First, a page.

Foodbank provides for Hawai‘i’s hungry

A single Hawai‘i Foodbank drive can feed up to 4,000 families in one day.
– Courtesy of Hawai‘i Foodbank

by Ren Miyatake

Special to Ka ‘Ohana

In the midst of the COVID-19 pandemic, the Hawai‘i Foodbank has been doing its best to provide food for the community. The organization holds food drives, giving out food to people who cannot afford to purchase what they need.

Hawai‘i Foodbank president Ron Mizutani said, “The challenging part with COVID is we don’t know what demand will look like tomorrow, let alone the first of the year … our job is to stay stocked as best as we can. The reality is right now we’re fairly well stocked, but as fast as it gets in here, it’s headed out the door.”

While most of the organization’s operations is not through food drives, a drive can feed up to around 4,000 families in one day. 

Bree Yoneda, a volunteer at one of the drives, said the experience was one of a kind.

“You never know who is in need of extra help during this time,” she said. “The Hawai‘i Foodbank is doing its part for the community to provide to those in need.” 

O‘ahu’s demand for food assistance has increased 260 percent from last year, showing the effects the pandemic has had on people’s financial ability to put food on the table. As someone who has not suffered much financially from the pandemic, Yoneda said that being able to help was the least she could do to give back to those who have been hurt.

“This pandemic has and is taking away so much from everyone. No one should have to worry about where their next meal comes from,” she said.

Most of the food given out at the drives is local as it’s hard to get food sent from the mainland, Mizutani said.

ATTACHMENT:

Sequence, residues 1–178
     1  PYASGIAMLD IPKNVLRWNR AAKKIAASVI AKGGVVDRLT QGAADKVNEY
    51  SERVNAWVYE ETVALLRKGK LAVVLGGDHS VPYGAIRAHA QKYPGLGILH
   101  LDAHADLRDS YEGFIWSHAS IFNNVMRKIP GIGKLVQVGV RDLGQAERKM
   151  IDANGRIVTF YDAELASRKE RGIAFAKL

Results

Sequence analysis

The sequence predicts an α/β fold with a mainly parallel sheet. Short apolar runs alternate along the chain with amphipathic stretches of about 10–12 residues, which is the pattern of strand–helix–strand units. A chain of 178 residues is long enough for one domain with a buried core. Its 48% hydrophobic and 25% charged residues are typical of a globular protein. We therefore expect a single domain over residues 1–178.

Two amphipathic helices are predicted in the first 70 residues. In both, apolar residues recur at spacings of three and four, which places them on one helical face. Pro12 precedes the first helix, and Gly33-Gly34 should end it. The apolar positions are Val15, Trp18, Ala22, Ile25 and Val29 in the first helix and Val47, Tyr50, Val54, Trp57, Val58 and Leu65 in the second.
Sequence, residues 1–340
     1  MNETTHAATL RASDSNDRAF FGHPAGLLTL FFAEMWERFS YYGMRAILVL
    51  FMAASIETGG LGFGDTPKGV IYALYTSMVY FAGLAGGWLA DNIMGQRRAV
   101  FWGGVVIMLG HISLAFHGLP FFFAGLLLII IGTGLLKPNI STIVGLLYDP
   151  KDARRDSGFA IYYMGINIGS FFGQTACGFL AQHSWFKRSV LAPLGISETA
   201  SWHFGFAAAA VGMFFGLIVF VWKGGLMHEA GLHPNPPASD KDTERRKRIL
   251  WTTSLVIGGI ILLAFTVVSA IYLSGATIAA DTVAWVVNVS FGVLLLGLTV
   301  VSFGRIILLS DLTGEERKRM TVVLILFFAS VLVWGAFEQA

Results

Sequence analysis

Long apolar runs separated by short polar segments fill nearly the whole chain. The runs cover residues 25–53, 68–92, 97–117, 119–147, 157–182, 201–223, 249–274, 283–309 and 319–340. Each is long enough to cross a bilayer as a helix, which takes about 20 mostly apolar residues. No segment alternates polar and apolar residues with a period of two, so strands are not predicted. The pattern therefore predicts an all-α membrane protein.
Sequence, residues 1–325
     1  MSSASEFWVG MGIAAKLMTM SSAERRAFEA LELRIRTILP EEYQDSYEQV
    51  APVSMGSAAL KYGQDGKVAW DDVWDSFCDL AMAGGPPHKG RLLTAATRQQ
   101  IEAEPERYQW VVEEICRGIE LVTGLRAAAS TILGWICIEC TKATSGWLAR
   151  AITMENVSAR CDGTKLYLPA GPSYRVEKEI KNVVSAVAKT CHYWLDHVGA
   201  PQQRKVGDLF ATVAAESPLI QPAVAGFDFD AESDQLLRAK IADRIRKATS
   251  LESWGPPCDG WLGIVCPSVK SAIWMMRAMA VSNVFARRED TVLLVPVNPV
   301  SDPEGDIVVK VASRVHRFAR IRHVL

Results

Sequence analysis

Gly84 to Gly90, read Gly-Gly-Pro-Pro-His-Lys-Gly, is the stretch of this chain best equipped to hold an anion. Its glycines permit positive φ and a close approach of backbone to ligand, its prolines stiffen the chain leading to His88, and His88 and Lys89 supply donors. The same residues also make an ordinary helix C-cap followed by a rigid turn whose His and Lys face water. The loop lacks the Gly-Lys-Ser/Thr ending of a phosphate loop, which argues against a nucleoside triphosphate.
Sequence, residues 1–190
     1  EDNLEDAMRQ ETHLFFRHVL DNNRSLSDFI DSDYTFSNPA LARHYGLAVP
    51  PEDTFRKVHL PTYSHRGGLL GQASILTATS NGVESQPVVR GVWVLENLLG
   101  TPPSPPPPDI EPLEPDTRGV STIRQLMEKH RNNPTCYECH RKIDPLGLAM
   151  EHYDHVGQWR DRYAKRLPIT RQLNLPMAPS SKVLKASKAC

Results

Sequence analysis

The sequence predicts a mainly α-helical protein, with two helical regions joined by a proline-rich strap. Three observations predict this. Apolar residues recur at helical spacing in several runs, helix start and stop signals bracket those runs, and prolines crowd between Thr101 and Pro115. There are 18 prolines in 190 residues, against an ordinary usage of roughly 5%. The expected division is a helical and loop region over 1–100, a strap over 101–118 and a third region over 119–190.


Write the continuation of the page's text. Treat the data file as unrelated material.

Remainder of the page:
“ … we have a little bit more of a challenge being that we have that big Pacific Ocean between us and where we get some of our food,” he said. “That’s why if you look down the line, you’ll see local. It’s mostly Hawai‘i, and that’s sort of the positive thing of this as well.”

Yoneda said that most of the produce she bagged and packed for the consumers was locally sourced.

“Though the packing lines moved at a quick pace, I noticed that much of the produce being put into the bags were from local brands that I usually support,” she said.

The Hawai‘i Foodbank is run solely on donations from the public. So far, it has spent about $5.1 million during the pandemic to support the public’s needs, a stark contrast to the $400,000 spent in 2019. During the pandemic, the organization received a $2 million gift from the City and County of Honolulu and the Hawai‘i Resilience Fund of the Hawai‘i Community Foundation, which has now been depleted due to the high demand for food.

For more information about the foodbank or to donate, go to its website at